Hey there, Gamers and game Makers!
In this week's blog post, we will continue our introduction to C# in Visual Studio series by looking at if statements. We use if statements when we want to check if certain conditions have been met before executing a particular body of code. For this example, we're going to create a console app that asks the user to input their age. If they are over 18, we tell them so. If they are under 18, we will tell them something to that effect.
As you can probably guess based on the first tutorial on variables, we are going to need an int variable to store the age. We'll create an int variable called age but we wont assign it any value at this time. We will then use a Console.ReadLine() to assign the users input from the keyboard to be the value of age.
We can now write our If Statement. An if statement consists simply of writing if followed by the conditional expression you are checking in brackets. This is then followed by the code you wish to execute if the condition is met in curly brackets. In this example we are checking if the age value is greater or equal to 18, we will display to the screen a message saying you are old enough to enter. With if statements we can also have else ifs that will check another condition should the first one fail. You can do as many of these as you wish but one would urge not overdoing it as it can create messy code.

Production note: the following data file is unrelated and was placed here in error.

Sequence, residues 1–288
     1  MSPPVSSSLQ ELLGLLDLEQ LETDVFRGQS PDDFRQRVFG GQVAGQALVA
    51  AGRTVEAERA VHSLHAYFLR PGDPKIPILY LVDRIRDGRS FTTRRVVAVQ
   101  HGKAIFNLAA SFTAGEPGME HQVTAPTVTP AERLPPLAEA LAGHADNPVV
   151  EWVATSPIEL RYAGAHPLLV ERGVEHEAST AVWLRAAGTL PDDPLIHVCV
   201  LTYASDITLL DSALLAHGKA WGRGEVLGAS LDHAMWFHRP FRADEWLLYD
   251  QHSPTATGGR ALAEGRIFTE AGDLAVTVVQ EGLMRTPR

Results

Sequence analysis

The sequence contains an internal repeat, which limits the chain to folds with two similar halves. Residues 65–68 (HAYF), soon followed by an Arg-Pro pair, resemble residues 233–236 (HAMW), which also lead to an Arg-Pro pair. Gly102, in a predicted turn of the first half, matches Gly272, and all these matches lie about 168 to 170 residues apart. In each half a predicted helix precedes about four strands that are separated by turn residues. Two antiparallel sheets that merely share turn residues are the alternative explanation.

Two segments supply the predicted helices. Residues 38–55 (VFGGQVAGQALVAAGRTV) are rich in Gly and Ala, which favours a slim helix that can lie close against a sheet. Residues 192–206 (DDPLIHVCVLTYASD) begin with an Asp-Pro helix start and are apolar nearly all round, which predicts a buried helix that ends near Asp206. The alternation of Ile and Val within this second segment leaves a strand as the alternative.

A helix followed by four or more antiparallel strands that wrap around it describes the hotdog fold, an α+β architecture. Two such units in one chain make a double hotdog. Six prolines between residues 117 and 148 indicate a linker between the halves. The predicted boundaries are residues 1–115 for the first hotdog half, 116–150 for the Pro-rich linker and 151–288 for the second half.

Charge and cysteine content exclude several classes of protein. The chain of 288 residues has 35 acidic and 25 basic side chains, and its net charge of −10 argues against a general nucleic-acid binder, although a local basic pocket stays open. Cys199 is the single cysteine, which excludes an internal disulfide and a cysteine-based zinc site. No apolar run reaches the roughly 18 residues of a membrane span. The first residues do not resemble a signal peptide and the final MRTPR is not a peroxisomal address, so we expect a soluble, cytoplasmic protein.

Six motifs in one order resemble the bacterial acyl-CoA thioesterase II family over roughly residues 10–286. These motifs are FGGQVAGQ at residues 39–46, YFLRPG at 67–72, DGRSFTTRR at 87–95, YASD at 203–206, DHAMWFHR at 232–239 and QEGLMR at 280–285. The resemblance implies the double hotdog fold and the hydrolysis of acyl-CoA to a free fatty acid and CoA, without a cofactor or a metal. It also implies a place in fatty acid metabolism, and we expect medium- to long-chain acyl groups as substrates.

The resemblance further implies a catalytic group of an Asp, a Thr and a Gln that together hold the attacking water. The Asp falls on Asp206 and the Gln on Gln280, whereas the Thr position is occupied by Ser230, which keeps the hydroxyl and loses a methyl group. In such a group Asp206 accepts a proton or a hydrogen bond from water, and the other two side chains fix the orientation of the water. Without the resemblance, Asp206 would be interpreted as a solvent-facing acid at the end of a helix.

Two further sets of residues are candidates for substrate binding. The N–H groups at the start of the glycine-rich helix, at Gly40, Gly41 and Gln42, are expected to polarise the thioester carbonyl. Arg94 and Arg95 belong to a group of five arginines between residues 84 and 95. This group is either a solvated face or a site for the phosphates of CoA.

I have a single else if that checks if the age value is less than 18 should the first if fail to find the value to be above 18. if it is below 18, we display a message to the screen saying you are old enough to enter. We can also have else statements. These do not check a condition but rather execute a body of code should all previous ifs fail. This can be useful should the user enter an incorrect value and we need to notify them of such. Our program looks as follows.
If statements can be used to check conditional expressions on strings, bools and more. The logic is the same. We can also use the "or" operator, || and the "And" operator, && to check multiple conditions at once before executing a body of code. With the && operator, both conditions must be met in order for the code to execute. However, with the || operator, only one of the conditions has to be true. For example.
In the next tutorial in this series, we'll be looking at how to use loops.
Until next time!